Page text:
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I would like to propose a few specific actions through which you can help shape and be part of the coming smallholder farm revolution. The first involves creating a new worldview category. 

Beginning in the late 1980s I was privileged to be part of the Baha’i community’s participation in an interfaith project conceived of and led by Prince Philip, who was then President of World Wildlife Fund-International. 

The goal for each participating faith community—Christians, Jews, Muslims, Sikhs, Buddhists, Hindus, Baha’is and others—involved exploring how their respective members could support conservation goals. 

1. Changing My Worldview

While the Baha’i writings already included much about respect for nature and the environment, our involvement in this process led to a sustained effort to highlight these teachings and encourage Baha’is to find ways to act on them. For me, the net result made a permanent adjustment to my perspective and my worldview. Conservation had always been on my radar, but now it was further shaped and given importance by my faith community and by the Baha’i writings themselves:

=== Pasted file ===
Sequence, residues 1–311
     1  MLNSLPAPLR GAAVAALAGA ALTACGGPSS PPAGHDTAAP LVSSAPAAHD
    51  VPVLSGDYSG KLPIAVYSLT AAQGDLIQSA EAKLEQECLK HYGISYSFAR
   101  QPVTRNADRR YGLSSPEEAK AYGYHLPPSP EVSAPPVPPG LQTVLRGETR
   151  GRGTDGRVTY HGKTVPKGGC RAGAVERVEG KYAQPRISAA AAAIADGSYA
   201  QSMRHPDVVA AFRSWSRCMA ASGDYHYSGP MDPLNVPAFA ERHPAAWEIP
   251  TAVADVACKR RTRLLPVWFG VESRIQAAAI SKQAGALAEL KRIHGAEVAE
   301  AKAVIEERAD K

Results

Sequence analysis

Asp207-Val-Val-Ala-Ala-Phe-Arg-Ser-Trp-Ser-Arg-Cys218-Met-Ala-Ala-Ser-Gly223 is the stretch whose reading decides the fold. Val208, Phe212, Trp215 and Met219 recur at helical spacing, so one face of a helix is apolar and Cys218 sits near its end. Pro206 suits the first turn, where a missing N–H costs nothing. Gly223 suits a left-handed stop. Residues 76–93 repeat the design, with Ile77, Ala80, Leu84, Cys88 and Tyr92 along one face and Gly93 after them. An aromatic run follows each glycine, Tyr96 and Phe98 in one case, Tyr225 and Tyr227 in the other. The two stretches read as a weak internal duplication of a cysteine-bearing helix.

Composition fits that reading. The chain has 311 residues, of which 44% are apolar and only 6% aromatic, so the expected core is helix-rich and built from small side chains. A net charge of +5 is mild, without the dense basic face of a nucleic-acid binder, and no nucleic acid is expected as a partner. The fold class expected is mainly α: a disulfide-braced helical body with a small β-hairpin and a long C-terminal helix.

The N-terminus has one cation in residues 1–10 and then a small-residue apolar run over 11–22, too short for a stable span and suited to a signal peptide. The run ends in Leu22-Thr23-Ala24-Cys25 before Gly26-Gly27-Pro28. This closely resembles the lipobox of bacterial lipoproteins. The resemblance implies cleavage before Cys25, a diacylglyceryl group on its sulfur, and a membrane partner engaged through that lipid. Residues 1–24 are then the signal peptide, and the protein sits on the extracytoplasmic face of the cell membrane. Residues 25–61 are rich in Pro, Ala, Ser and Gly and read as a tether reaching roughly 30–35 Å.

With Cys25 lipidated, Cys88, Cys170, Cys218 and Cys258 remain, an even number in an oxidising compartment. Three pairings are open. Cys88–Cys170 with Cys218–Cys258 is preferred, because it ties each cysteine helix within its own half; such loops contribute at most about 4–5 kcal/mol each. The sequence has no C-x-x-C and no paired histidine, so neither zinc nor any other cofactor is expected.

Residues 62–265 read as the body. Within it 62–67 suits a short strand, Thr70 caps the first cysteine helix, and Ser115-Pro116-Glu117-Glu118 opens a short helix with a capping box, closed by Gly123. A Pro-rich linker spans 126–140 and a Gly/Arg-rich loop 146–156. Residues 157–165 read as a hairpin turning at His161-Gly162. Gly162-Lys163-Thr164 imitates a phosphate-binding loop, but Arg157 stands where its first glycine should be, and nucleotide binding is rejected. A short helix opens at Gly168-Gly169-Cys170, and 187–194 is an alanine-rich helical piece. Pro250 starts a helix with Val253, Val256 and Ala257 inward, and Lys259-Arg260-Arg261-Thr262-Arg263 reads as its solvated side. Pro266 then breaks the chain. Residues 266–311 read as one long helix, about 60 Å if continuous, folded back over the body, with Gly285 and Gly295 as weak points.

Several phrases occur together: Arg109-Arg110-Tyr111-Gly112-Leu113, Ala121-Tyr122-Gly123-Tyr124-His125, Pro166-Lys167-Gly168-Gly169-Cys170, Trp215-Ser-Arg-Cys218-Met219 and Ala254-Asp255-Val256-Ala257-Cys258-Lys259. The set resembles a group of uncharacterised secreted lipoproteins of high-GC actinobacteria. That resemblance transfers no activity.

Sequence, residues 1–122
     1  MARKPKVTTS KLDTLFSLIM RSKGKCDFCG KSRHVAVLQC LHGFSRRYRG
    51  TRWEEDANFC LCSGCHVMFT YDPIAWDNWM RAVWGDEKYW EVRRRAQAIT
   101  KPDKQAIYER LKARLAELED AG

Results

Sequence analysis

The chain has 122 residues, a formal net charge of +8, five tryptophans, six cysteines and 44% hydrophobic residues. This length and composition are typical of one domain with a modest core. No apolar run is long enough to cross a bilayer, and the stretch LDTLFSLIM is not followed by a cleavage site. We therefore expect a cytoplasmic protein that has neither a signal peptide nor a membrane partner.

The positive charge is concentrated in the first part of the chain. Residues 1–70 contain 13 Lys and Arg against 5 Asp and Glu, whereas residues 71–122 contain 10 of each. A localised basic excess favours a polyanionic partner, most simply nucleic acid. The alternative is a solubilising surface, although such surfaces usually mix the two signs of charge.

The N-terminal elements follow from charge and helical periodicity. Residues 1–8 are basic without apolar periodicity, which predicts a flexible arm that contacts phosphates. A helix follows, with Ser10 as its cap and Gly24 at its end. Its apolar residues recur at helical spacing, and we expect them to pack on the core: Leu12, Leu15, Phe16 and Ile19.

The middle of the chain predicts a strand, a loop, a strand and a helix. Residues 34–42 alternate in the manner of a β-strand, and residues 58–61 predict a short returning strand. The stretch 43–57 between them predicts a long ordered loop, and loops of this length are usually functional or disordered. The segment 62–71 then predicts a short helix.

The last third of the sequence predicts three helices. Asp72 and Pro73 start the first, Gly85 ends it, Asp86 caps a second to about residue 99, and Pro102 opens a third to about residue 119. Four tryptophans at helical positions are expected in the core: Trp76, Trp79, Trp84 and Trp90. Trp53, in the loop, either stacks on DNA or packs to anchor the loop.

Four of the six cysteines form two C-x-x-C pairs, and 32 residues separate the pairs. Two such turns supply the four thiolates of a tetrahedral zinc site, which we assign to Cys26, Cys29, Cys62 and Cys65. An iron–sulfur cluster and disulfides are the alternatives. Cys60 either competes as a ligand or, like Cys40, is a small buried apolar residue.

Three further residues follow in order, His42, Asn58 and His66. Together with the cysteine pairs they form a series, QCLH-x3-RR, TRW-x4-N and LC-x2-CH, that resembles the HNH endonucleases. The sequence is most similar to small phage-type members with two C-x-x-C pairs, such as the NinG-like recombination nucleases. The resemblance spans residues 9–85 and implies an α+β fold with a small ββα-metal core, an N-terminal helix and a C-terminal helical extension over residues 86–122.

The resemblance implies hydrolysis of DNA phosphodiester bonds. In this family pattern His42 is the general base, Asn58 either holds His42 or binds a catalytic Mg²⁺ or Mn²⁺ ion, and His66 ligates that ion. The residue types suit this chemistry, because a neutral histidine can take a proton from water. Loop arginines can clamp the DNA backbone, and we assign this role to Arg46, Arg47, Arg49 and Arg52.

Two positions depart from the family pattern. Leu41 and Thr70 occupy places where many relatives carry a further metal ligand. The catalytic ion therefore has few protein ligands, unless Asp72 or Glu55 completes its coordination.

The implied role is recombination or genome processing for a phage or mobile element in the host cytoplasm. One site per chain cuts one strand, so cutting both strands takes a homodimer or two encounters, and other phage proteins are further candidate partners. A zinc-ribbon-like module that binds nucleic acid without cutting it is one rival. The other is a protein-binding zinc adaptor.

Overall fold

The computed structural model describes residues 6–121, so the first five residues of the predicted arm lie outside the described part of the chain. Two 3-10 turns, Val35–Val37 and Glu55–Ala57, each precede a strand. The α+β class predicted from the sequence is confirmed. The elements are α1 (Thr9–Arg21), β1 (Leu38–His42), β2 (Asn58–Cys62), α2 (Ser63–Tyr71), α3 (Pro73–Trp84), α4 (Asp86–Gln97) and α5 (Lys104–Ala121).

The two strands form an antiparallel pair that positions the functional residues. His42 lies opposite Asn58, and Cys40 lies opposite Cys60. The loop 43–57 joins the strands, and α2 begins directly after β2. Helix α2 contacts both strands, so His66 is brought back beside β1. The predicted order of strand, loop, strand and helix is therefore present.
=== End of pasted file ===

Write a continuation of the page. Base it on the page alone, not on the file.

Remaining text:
Nature in its essence is the embodiment of My Name, the Maker, the Creator. Its manifestations are diversified by varying causes, and in this diversity there are signs for men of discernment. Nature is God’s Will and is its expression in and through the contingent world. It is a dispensation of Providence ordained by the Ordainer, the All-Wise. Were anyone to affirm that it is the Will of God as manifested in the world of being, no one should question this assertion. It is endowed with a power whose reality men of learning fail to grasp. Indeed a man of insight can perceive naught therein save the effulgent splendour of Our Name, the Creator. – Baha’u’llah, Tablets of Baha’u’llah, p. 142.

With that framework in mind—one in which the entirety of nature is understood as the will of God—I began to see a different view of the world, one suffused with not only organic growth but with spiritual growth. 

Today, what began as that WWF initiative now lives on as the independent Alliance of Religions and Conservation. So I would like to suggest that a similar interfaith process be initiated around smallholder farming, with an emphasis on women smallholders. I see the need for it because it is hard to be supportive of smallholders if they aren’t already part of your worldview.